bit-gamer.net

The Elder Scrolls Online Review

So, is there anything good about ESO? A few things. The flexible class system is impressive, allowing you to specialise skills once they've reached a certain level, and adding skill trees to your character depending on what guilds you join. Combat too has some merit to it. I chose to play as a Templar, who comes with the ability to throw a spear of light into the enemy, which damages them and knocks them down. Later on I unlocked a power that called down a tiny sun that seared enemy flesh with area-of-effect damage. Unfortunately, striking with weapons still feels too much like slapping the enemy with those giant foam hands you see people wearing at sports events, and the difficulty balancing is such that you'll either breeze through enemies without trouble or be quickly mulched into hero-flavour baby food. There's no tension to it and therefore no thrill.

The Elder Scrolls Online Review

The exception to this, annoyingly, is when ESO bothers to involve other players in your story. The multiplayer dungeons, such as Daggerfall's Spindleclutch, provide a much stiffer challenge and so require cooperation and planning to overcome. The same goes for the "Daedric Anchors", huge portals which spawn periodically at specific locations on the map, for which you'll need at least five other players to close. With lots of people working together firing off lots of powers, you get a sense of how good this game could have been.
And then of course, there's the PvP component, which takes place across the entirety of Cryodiil - the setting for Oblivion. Unlocked at level ten, this sees you teaming up with other players in your faction to gain control of the Elder Scrolls, housed in three temples, each of which is protected by a ring of fortresses supplied by nearby farmsteads and villages. To capture a scroll, players must work together to besiege the fortresses before assaulting the temple itself.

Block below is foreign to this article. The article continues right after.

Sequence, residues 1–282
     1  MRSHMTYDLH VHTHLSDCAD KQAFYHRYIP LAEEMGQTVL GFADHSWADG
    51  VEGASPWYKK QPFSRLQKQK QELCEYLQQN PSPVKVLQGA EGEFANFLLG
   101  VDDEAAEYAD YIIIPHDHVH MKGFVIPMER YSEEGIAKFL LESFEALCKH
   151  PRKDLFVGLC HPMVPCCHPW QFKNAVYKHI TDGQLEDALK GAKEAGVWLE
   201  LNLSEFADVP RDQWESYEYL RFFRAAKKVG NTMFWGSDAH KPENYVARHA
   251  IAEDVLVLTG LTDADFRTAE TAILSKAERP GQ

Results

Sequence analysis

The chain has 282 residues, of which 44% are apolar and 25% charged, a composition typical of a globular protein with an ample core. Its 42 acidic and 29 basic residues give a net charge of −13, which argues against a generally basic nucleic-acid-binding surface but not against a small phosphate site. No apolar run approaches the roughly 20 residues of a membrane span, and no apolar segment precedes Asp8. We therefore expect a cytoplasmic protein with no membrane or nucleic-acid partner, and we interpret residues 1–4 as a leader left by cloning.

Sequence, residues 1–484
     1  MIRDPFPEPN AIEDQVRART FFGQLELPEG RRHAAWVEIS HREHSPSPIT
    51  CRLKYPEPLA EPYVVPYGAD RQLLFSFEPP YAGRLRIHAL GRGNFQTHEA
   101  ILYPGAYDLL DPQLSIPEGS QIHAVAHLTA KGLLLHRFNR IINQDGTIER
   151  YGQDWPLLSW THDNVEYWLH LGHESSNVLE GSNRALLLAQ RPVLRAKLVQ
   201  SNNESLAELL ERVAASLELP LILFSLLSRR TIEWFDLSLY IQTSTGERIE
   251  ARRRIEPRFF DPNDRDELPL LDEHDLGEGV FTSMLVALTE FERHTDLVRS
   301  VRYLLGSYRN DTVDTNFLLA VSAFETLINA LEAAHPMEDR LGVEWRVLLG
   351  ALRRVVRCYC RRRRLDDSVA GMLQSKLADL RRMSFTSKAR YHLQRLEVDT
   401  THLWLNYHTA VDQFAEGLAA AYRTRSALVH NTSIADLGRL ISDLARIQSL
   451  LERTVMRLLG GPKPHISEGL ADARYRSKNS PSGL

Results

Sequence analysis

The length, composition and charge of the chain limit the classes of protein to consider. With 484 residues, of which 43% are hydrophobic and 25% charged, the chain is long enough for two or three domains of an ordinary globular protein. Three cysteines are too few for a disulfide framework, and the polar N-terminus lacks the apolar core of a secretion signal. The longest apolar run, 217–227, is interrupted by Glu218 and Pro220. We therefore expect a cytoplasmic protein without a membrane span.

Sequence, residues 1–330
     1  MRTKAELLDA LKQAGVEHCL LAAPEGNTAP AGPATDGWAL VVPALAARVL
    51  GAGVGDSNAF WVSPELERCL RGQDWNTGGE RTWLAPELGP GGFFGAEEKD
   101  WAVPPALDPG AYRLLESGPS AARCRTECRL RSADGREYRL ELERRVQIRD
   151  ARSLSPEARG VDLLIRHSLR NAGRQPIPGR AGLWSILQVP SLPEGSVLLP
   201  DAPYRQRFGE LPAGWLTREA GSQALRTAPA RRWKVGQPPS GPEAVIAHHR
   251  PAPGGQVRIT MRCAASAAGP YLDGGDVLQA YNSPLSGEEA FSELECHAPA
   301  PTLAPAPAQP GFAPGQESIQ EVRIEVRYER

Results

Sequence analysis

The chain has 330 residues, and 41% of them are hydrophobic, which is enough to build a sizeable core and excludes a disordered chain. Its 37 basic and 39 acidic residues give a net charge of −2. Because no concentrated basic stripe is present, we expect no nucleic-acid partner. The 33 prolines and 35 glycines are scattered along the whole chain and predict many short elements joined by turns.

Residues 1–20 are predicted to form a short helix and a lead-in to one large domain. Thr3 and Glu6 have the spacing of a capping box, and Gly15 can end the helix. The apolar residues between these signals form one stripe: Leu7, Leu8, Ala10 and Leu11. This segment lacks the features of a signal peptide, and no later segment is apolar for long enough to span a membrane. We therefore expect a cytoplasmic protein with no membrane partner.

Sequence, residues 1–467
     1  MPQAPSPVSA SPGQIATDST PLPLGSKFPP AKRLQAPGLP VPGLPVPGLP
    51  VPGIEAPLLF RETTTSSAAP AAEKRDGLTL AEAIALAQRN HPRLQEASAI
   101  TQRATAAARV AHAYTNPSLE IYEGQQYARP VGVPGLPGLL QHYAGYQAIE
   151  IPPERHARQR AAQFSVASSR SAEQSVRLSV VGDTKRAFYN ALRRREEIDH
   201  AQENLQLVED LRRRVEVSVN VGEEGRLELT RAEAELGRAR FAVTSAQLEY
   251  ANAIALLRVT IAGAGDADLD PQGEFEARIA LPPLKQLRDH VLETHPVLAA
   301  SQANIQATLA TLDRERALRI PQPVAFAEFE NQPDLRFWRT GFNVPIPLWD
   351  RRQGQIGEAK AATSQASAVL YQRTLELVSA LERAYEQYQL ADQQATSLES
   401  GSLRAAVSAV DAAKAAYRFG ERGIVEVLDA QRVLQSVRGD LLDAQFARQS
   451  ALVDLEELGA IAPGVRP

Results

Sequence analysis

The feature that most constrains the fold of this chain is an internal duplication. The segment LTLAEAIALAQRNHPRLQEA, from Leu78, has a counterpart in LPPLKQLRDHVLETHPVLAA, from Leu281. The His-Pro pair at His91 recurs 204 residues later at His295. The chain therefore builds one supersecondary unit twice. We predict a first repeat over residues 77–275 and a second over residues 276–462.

The Elder Scrolls Online Review


It's basically Planetside 2 with more traditional MMO combat, but it's still by far and away the most entertaining part of the game, making the most of the vast player-base the Elder Scrolls license was inevitably going to attract. Rather than marching all its players through parallel universes, it actually gives them a say in the ebb and flow of the conflict, requiring them to communicate and work together. It's also the best place to play the game with friends, as you can take on special missions, such as scouting an enemy fortification, or assassinating a particularly troublesome opponent, which are ideal to be played either solo or in small groups.

The Elder Scrolls Online Review


Sadly, the PvP and the other multiplayer-centric content only represent a small percentage of the overall game. In all my years playing games I have never known one to have so much content, and offer so little that is interesting. I can't think of a single quest that really grabbed me, a fight that really thrilled me. Even if the endgame is the greatest thing ever put into pixels, it wouldn't justify the hours upon hours of hodgepodge fantasy tedium you must wade through to get there. The Elder Scrolls Online could have been something special. It could have been Skyrim with your friends. Instead, it's like playing World of Warcraft on your own; repetitive, isolating, and monotonous.

Related Reading

The Elder Scrolls Online beta key giveaway
The Elder Scrolls Online Preview
Bethesda promises Skyrim Creation Kit due Tuesday
Elder Scrolls V: Skyrim Review